December 29, 2017

What I’m Drinking: The Happy Youth

Let’s face it – we’re not getting any younger. Really, nothing is, I suppose. But wait, as the year rolls out into the sunset, and as a new one rolls in, let’s not get all down-in-the-mouth, and think about getting older. But instead, remember all the many wondrous days, and all the ones happening now, and how we can be youthful all year round, and many other things one might find on a card – hahaha! Or, skip all that, and sip a Happy Youth instead.

happy-youth
The Happy Youth, from Champagne Cocktails

Ice cubes
1 ounce Cherry Heering cherry brandy
1 1/2 ounce freshly squeezed orange juice
1/2 ounce simple syrup
Chilled extra-dry rosé sparkling wine

1. Fill a cocktail shaker halfway full with ice cubes. Add the Cherry Heering, the orange juice, and the simple syrup. Shake youthfully.

2. Strain the mixture equally into a four flute glasses. Top each with the sparkling wine.

December 30, 2016

What I’m Drinking: The Pensiero

Bubbly cocktails are good all the year round. This is an incontrovertible fact. However, if you wanted to make the point that bubbly cocktails are even finer this time of the year, because of the elegant effervescence they bring to the season, well, I wouldn’t argue. Which is why today I’m sipping this Italian-inspired sparkler from Champagne Cocktails. Because I don’t like arguing. No, no, it’s because it’s a darn tasty drink, a bubbly number that’s a little different, intriguing, yummy-licious.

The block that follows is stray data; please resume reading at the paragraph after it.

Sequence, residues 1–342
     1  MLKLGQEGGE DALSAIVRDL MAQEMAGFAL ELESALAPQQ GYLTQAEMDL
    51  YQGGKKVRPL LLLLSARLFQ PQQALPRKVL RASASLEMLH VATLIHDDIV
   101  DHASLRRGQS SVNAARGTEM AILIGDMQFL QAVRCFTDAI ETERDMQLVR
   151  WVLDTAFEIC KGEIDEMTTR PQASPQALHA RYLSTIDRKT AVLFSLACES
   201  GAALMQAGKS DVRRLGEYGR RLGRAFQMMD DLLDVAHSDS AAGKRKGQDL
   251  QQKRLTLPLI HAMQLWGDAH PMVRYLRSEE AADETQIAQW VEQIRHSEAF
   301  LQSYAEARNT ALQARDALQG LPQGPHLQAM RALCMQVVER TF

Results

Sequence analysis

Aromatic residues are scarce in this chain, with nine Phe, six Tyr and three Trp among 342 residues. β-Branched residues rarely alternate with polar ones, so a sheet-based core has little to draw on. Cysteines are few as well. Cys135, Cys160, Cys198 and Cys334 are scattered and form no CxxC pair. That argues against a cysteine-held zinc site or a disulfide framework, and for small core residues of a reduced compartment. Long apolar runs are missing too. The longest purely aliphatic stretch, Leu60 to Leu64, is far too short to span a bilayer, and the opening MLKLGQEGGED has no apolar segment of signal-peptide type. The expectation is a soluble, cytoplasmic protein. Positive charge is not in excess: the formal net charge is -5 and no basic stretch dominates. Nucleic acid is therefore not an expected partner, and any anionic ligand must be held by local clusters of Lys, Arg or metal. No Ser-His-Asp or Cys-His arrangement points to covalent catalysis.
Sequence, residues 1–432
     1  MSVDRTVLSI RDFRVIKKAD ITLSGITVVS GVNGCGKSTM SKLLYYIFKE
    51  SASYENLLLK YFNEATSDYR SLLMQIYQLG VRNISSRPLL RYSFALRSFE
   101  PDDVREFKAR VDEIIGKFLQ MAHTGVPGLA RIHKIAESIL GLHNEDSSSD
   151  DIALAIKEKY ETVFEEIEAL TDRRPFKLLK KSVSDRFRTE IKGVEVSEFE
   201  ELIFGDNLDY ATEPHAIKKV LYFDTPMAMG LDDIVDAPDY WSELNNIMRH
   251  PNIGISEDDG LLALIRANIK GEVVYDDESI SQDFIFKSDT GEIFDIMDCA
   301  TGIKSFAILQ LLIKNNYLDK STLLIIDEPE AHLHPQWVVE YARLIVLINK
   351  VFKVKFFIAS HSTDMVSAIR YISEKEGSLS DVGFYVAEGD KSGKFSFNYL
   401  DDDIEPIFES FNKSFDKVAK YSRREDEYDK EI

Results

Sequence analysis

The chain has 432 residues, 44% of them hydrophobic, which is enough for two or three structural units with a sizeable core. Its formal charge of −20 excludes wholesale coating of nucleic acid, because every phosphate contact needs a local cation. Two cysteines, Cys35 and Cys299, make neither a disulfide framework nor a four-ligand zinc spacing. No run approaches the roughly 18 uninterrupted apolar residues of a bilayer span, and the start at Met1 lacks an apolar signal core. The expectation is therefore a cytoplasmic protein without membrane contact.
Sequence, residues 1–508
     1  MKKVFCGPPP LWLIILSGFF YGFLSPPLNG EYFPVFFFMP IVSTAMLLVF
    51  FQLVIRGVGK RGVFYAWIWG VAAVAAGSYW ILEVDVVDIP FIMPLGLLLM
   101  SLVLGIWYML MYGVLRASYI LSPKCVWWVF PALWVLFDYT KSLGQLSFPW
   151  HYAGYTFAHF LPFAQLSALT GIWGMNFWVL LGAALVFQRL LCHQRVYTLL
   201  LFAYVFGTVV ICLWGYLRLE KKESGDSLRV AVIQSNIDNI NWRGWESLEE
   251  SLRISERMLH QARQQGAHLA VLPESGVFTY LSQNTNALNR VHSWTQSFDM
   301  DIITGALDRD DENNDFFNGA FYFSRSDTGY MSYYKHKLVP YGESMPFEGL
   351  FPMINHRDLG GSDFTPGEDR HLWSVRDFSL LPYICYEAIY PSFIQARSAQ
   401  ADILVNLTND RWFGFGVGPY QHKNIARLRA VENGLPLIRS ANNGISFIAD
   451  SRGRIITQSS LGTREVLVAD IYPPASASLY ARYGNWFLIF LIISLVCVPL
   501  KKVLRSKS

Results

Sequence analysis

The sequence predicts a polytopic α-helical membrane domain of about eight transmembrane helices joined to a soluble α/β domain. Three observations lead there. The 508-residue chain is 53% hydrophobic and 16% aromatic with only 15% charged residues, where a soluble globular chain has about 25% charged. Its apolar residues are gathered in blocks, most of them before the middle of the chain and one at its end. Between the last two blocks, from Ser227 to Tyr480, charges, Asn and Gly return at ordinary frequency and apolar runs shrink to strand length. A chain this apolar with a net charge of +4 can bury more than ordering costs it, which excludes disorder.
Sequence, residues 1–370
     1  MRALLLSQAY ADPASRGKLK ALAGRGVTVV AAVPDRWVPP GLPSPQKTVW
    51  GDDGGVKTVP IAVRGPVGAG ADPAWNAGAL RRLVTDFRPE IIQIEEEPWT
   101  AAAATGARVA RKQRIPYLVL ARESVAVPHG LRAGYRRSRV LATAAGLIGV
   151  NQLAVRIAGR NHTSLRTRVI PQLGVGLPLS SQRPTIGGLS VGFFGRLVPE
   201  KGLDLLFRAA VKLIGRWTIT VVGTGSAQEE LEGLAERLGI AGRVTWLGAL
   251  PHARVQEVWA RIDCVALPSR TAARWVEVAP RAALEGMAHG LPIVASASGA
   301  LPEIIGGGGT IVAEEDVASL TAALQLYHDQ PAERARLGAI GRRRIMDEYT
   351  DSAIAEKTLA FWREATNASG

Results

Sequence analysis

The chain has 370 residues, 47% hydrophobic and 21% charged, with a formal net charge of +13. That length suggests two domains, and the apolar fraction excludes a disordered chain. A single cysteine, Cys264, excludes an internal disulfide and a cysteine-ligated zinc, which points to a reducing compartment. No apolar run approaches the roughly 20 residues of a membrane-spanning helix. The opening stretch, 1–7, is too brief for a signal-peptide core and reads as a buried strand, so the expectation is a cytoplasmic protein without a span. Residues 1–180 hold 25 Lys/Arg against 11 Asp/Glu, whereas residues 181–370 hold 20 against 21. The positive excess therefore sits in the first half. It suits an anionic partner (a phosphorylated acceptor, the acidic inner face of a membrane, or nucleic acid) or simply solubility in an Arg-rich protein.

pensiero
The Pensiero, from Champagne Cocktails

Ice cubes
1 ounces freshly squeezed orange juice
3/4 ounces Punt e’ Mes
1/2 ounce Campari
1/2 ounce simple syrup
Chilled Brachetto d’Acqui
Lemon twist, for garnish

1. Fill a cocktail shaker halfway full with ice cubes. Add the orange juice, Punt e Mes, Campari, and simple syrup. Shake thoughtfully.

2. Strain the mixture into a flute glass. Top with Brachetto d’Acqui. Garnish with the lemon twist.

December 26, 2014

What I’m Drinking: The Lavanda

This bubble number is ideal for taking your New Year’s Eve celebrations from mundane to insane (in the good way), from dull to dandy, and from so-so to go-go. Not only does it take the spotlight drink into another realm of awesome, but as it’s also a drink that inducing dancing, it’s sure to add the hop to your New Year’s Eve step. It does take a little bit of prior planning, cause you have to make lavender simple syrup. But that’s not tough at all. Just add 1/4-cup fresh lavender, 2 cups sugar, and 1-1/2 cups water to a medium-sized saucepan. Raise the heat to medium high, and heat until it reaches a low boil, stirring regularly. Once it reaches that low boil, reduce the heat to medium low and keep the syrup at a simmer, still stirring, for 5 minutes. Remove from heat and let cool completely. Then strain it, and start singing Auld Lang Syne.

lavanda
The Lavanda, from Champagne Cocktails

Ice cubes
2 fresh lavender sprigs
1 1/2 ounces gin
3/4 ounce lavender simple syrup (see note)
Chilled Prosecco

1. Add the flowers from the top of one lavender sprig, gin, and lavender simple syrup to a cocktail shaker. Using a muddler or wooden spoon, muddle well.

2. Fill the cocktail shaker halfway full with ice cubes. Shake like dancer.

2. Strain into a flute. Top with chilled Prosecco, and garnish with the second lavender sprig.

December 21, 2012

Cocktail to Cocktail Hour: The Tip Top Cocktail